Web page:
In 2014 there were 41,265 cases of bowel cancer
54% of bowel cancer cases were linked to major lifestyle and other risk factors, these were preventable
15,903 of the sufferers died
Bowel cancer is the fourth most common cancer
Different lifestyle choices such as red and processed meat consumption (21%), overweight and obesity (13%), alcohol (12%), smoking (8%) and ionising radiation (2%).
Increased 14% since 1970
An estimated 11% of bowel cancer cases in the UK are linked to alcohol consumption.
Bowel cancer risk is 21% higher in people who drink around 1.5-6 UK alcohol units per day, compared with non-/occasional drinker
Bowel cancer risk is 52% higher in those who consume around 6 units or more per day, compared with non-/occasional drinkers.
When a person drinks alcohol, the body converts the alcohol into a toxic chemical called acetaldehyde.
It can cause cancer by damaging DNA and stopping our cells from repairing this damage
Many of the chemicals found in cigarettes have been shown to cause DNA damage.
Smokers are also less able to handle toxic chemicals than those with healthy lungs and blood. Chemicals in cigarette smoke make it harder for smokers to neutralise or remove toxins, and can make their immune systems less effective too.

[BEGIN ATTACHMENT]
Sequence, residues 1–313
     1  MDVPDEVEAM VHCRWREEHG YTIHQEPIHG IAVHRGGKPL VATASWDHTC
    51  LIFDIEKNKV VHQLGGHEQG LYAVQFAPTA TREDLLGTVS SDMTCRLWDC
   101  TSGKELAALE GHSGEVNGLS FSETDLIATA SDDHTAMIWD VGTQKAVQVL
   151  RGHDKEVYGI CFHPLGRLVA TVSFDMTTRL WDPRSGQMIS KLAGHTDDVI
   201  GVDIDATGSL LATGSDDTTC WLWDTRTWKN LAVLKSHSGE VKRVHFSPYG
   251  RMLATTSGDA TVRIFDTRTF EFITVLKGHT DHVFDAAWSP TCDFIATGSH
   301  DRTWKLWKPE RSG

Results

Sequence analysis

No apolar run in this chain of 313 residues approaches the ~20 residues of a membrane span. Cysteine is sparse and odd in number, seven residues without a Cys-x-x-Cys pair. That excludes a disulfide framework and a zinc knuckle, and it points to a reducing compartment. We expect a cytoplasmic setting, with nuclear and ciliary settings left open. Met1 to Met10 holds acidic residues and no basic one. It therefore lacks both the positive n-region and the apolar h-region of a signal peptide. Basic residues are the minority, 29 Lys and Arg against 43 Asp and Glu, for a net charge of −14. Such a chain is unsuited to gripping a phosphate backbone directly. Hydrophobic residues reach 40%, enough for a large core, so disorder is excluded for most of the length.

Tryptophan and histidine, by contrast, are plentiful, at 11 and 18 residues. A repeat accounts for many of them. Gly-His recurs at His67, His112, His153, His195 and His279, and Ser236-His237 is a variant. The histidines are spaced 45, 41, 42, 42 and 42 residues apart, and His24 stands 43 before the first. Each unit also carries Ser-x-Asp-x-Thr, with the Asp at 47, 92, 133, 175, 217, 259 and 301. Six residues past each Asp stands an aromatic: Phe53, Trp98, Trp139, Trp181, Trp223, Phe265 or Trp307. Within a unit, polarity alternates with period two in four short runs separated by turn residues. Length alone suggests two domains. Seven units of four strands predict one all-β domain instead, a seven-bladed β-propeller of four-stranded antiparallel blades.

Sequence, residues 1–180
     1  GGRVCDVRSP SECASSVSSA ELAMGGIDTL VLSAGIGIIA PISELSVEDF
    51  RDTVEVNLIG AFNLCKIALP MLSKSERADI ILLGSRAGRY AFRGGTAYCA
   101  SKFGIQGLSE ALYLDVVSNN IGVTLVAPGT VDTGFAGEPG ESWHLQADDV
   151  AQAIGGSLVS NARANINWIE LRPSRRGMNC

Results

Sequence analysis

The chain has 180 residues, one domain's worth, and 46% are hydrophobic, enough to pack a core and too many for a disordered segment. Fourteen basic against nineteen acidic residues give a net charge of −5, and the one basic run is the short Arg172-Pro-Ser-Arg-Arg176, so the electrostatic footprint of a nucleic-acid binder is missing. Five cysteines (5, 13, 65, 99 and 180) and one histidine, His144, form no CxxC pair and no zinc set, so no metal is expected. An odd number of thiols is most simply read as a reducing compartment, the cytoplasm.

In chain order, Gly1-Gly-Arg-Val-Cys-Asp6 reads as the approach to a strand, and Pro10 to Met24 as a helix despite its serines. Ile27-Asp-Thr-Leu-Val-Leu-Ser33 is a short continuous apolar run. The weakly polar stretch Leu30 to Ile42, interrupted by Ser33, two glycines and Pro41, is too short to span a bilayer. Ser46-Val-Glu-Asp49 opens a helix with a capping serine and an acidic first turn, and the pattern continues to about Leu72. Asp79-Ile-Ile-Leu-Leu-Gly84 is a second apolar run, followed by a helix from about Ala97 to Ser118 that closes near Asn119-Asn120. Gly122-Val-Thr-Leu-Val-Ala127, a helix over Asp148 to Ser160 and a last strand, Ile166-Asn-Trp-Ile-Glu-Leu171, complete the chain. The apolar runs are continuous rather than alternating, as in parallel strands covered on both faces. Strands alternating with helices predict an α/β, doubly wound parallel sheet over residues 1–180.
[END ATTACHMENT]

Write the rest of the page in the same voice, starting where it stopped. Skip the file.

Ionising radiation can cause changes in the chemical balance of cells. In addition, by damaging the genetic material (DNA) contained in all cells of the body, ionising radiation can cause harmful genetic mutations that can be passed on to future generation
Haemoglobin from the red meat is broken down in our gut to form a family of chemicals called N-nitroso compounds. These have been found to damage the cells that line the bowel, so other cells in the bowel lining have to replicate more in order to heal. And it’s this ‘extra’ replication that can increase the chance of errors developing in the cells’ DNA – the first step on the road to cancer.
Body fatness effects the way cells work.
How to reduce the risk of bowel cancer?